I think that the percentage of people who pay for upgrades has increased. I pay for first class domestically about 1/2 of the time when I fly and I see from a recent Wall Street Journal article that lots more people than before do so, since the cost of upgrading now is relatively low (about $120 for a 600-mile flight, compared to hundreds of dollars just a few years ago).

Amtrak should consider giving otherwise-unused Viewliner rooms, perhaps without meals, to Amtrak Guest Rewards elite members.
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Re: Business class on LD trains: how are ticket sales?

Postby mtuandrew » Fri Jan 13, 2017 3:26 pm

I like Mr. Sinclair's idea, perhaps with a dedicated, high-data-rate cellular modem in each BC car capable of handling multiple video calls or streaming movies at once. Perhaps multiple modems, if one can't handle the load. The "plebes" :wink: can get low-speed internet, or use their own devices.

If we are going to get crazy here, I'd also ask for a reasonably-sized table sturdy enough for a lightweight laptop, an additional task light or at least an adjustable-intensity overhead with at-seat controls, and a cupholder for free nonalcoholic drinks. More legroom and 2+1 seats would be a big bonus, especially for overnight travel, but I'd settle for an armrest where two people can have their own separated-by-a-ridge halves.
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Re: Business class on LD trains: how are ticket sales?

Postby electricron » Fri Jan 13, 2017 6:56 pm

SouthernRailway wrote:Amtrak should consider giving otherwise-unused Viewliner rooms, perhaps without meals, to Amtrak Guest Rewards elite members.

As long as every long distance trains including the Auto Train requires subsidies, with most of the trains having fares covering 50% of the cost, I can't see Amtrak giving away rooms or roomette away free to anyone politically. That would be the quickest and surest way to lose political support it has with Congress. Golly, they are already giving away all the rooms and roometts away at half price as is. How much of a discount do you need?
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Re: Business class on LD trains: how are ticket sales?

Postby leviramsey » Sat Jan 14, 2017 5:21 pm

electricron wrote:
SouthernRailway wrote:Amtrak should consider giving otherwise-unused Viewliner rooms, perhaps without meals, to Amtrak Guest Rewards elite members.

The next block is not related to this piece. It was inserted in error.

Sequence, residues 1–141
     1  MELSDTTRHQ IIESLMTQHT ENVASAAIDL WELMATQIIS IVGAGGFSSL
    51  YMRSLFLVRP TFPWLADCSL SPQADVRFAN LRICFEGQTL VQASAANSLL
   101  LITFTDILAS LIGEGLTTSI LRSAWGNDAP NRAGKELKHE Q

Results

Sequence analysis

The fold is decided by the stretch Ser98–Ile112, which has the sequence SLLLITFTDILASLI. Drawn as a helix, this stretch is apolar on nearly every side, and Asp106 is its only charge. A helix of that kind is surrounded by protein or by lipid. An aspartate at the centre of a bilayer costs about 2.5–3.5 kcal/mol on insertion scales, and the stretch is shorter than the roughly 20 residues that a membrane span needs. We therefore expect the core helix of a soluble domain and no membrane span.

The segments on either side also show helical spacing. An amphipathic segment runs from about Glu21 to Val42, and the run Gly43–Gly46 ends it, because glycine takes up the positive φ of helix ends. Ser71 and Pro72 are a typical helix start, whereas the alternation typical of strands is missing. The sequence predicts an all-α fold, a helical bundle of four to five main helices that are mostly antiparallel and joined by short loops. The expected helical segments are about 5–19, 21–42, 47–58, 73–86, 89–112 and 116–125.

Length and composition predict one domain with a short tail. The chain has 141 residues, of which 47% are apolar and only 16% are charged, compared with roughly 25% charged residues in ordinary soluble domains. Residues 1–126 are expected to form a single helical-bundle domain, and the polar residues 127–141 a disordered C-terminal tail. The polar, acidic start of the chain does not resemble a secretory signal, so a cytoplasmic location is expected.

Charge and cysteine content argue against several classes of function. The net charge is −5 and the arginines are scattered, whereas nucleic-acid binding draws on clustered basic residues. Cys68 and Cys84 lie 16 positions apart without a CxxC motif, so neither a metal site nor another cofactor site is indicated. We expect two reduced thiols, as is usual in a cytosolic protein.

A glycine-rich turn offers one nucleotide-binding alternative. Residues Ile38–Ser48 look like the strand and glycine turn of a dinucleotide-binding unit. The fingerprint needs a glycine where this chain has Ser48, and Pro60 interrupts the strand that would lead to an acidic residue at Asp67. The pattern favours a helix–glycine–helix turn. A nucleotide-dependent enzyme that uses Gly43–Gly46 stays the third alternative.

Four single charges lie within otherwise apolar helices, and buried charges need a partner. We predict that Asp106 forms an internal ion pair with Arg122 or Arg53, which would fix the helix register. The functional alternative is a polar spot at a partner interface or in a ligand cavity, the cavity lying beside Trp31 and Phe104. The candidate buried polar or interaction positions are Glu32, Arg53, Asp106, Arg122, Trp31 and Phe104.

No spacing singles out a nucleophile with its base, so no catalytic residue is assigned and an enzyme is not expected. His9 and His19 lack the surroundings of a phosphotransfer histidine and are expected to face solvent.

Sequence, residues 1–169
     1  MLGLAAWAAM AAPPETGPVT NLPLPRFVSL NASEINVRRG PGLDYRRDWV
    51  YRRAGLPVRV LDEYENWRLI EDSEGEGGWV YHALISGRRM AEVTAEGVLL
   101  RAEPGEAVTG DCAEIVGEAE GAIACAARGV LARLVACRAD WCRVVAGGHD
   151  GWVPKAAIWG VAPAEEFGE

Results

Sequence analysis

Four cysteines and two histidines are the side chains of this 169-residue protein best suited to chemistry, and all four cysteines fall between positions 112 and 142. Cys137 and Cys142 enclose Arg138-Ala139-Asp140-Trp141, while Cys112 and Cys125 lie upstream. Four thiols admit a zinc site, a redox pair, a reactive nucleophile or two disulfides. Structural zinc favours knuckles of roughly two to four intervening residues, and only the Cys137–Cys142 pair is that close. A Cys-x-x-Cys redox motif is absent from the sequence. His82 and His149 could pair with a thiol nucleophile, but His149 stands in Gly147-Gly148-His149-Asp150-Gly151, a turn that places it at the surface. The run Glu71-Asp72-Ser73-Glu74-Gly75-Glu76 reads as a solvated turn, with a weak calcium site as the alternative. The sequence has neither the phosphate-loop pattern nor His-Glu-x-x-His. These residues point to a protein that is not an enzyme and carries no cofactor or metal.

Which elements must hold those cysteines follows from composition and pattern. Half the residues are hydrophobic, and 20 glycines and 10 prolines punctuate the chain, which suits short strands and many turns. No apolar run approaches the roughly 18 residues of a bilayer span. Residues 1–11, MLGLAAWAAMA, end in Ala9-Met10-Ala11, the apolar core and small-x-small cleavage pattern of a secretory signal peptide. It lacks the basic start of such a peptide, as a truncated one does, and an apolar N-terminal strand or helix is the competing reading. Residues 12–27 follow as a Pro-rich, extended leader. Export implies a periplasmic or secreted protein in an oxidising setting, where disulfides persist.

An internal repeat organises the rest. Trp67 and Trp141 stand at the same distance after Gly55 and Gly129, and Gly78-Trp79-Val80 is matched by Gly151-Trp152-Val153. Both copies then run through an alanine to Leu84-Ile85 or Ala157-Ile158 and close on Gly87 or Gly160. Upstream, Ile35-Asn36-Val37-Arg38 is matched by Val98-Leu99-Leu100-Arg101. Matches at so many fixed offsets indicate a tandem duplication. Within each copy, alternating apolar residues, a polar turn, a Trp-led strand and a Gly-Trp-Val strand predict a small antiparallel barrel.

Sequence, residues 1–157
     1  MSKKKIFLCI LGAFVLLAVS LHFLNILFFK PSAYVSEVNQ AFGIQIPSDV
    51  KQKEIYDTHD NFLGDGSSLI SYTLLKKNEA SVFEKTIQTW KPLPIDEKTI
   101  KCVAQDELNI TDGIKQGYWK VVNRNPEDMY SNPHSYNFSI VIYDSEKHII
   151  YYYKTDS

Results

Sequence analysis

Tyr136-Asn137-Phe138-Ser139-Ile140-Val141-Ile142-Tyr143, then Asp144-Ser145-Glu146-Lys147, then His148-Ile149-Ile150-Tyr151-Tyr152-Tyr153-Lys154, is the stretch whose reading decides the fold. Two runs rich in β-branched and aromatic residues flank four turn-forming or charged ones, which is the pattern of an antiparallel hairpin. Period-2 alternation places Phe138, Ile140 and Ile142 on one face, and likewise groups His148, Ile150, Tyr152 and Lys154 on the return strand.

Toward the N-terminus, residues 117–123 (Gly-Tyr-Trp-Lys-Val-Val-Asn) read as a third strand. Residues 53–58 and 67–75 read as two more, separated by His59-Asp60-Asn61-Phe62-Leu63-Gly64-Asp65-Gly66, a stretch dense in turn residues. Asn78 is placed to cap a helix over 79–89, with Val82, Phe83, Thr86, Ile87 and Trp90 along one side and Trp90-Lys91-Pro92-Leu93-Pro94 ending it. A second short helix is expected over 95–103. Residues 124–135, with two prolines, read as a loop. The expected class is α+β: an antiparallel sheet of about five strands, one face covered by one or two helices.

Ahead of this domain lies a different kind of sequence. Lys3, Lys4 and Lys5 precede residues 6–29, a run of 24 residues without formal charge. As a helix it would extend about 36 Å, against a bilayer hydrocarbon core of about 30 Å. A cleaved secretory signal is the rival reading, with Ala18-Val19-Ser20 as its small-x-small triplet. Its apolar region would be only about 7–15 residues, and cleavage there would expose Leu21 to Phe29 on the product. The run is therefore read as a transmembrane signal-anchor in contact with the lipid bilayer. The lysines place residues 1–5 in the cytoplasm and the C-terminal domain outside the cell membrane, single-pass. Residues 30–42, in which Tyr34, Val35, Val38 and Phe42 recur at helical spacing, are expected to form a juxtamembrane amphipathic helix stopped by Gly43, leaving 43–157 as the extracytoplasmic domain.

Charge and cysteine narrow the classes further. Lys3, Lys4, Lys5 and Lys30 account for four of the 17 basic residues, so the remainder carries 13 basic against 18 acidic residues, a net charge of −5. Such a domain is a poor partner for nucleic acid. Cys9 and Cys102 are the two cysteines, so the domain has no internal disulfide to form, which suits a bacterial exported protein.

As long as every long distance trains including the Auto Train requires subsidies, with most of the trains having fares covering 50% of the cost, I can't see Amtrak giving away rooms or roomette away free to anyone politically. That would be the quickest and surest way to lose political support it has with Congress. Golly, they are already giving away all the rooms and roometts away at half price as is. How much of a discount do you need?


The AGR elite tiers (Select, Select Plus, Select Executive) may already include upgrades to roomettes from coach on the business-classless LDs. Select touts 2 one-class upgrades per year and Plus/Executive have 4, with Executive getting an extra upgrade for every 3,000 points over 20k per year. Ignoring the credit card points, one gets 20k points in a year by dropping:

$10,000 a year on coach (and, I suppose LD sleeper) [3000 points for every extra $1,500 spent]
$8,000 a year on business class [3000 points for every extra $1200 spent]
$5,000 a year on Acela first class [3000 points for every extra $1000 spent]

All Acela first class travel is by definition on the NEC. Most of the business class travel is on the NEC and the state-supported routes. It's hard to spend $200/week on coach fares on the LD network: that's a weekly trip between Chicago and Salt Lake City on the Zephyr, for example. Nearly all AGR points for Select Executive members get accumulated on the NEC (both due to the higher per-passenger-mile fares on the NEC and the volume).